The BRSA announced a target capital adequacy ratio of 12% in 2006 and banks are expected to achieve and maintain a capital adequacy ratio that is higher than 12%. In addition, banks in Turkey are also required to implement an Internal Capital Adequacy Assessment Process ("ICAAP") which shall be used to internally calculate the capital adequate to cover current and future risks by banks. Specifically, the ICAAP for each bank shall assess its internal capital adequacy level and produce an internal capital requirement ratio based on that bank's risk profile and appetite and the volume and complexity of its transactions. In the calculation of such internal capital requirement ratio, banks shall include both internal capital requirements based on risks not captured by the statutory capital requirements and a capital planning buffer amount determined on the basis of stress tests and scenario analysis.

Thanks to the BRSA regulatory revolution over the years, the Turkish financial sector reached high capital adequacy levels as of March 2017, the capital adequacy ratio of the Turkish financial sector hit 16.1% consisting of high quality assets (85% qualifies as Tier I)6. Basel Committee on Banking Supervision Regulatory Consistency Assessment Programme ("RCAP") assessment team also determined and announced in its March 2016 report on assessment of Basel III risk-based capital regulations that Turkey is in compliance with the Basel risk-based capital standards with all underlying components following the last updates in the legislation took place in August and January 20167.

As in the risk-based capital adequacy legislation framework, the BRSA together with close cooperation and coordination with the Central Bank of the Republic of Turkey ("CB") conducted various revisions in 2015 and 2016 under the existing liquidity coverage ratio regulations in Turkey as well as enacted new ones in order to further strengthen the implementation of Basel III liquidity coverage ratio. As such, under the regulatory framework, two types of liquidity adequacy ratios are set forth that banks must comply with: overall liquidity adequacy ratio (100%) and foreign currency denominated liquidity adequacy ratio (80%) which are calculated for various maturity segments. The BRSA has a wide discretion to implement measures in cases where adequate levels of liquidity is not maintained by banks or not complied with the rules applicable to such ratios.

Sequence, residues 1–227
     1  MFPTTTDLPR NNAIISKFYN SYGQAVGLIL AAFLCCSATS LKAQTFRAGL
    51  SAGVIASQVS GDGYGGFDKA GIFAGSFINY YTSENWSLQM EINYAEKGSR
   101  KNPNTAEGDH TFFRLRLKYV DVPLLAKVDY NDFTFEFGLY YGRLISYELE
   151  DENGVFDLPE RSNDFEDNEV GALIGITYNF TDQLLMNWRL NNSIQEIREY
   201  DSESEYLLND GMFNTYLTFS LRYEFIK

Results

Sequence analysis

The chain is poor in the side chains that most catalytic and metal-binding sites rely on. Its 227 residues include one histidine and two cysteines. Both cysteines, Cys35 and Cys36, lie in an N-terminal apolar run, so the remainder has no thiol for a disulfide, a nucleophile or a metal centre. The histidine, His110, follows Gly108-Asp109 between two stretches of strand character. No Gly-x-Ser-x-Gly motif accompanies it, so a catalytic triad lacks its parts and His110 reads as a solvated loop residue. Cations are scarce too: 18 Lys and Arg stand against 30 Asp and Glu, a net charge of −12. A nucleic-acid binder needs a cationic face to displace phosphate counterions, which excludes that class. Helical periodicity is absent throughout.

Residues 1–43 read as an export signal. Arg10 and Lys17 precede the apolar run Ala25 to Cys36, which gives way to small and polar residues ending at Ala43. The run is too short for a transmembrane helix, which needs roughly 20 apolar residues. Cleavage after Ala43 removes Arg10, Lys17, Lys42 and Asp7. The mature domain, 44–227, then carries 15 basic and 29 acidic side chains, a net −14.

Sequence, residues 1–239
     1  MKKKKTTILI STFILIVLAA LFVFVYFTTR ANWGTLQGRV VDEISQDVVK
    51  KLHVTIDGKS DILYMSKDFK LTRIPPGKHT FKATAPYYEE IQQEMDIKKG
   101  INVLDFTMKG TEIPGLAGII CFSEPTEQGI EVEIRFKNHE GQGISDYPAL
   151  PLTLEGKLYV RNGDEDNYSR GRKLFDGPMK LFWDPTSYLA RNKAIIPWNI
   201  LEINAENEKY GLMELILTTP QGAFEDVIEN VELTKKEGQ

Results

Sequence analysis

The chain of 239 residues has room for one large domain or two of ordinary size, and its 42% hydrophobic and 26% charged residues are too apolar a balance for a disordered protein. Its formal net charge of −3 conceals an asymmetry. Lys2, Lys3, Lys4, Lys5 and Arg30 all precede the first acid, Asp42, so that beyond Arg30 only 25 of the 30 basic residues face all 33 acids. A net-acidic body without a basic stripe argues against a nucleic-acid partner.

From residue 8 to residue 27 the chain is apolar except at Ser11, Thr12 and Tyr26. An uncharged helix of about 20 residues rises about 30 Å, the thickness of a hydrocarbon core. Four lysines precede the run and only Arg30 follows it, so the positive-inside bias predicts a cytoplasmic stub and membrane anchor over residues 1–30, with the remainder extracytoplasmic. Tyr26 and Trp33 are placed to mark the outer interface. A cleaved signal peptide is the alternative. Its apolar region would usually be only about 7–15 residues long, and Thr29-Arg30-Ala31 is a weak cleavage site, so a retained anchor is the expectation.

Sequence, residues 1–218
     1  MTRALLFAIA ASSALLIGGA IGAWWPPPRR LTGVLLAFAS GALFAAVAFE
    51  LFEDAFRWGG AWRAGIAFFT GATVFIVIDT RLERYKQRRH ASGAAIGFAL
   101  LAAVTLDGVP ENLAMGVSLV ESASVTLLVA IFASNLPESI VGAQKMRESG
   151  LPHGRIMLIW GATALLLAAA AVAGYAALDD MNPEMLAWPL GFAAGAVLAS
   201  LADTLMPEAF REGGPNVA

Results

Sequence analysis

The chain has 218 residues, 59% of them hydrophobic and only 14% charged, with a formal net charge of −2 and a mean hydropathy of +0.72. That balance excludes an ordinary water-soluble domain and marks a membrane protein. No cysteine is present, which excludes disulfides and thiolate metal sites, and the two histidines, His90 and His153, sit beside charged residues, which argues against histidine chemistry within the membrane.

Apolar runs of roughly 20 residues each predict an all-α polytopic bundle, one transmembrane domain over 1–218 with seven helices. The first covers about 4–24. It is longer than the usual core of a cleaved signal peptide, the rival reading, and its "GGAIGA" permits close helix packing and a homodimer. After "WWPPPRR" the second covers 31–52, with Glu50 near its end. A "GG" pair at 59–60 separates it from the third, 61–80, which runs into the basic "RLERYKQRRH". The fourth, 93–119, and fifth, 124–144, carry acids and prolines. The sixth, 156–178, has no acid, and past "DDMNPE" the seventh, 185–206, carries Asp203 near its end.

Furthermore, the CB provides an additional support on core liabilities of banks in the Turkish market in order to strengthen balanced growth and domestic savings where banks achieve core liability ratios higher than the average core liability ratio of the sector would benefit from higher interest rates applicable to deposits deposited at the CB as mandatory reserves8. The CB quarterly determines separate core liability ratios to be applied based on sectors, bank groups and banks and to be calculated taking into account of the aggregate of total deposits + own funds of banks as well as banks' total loans.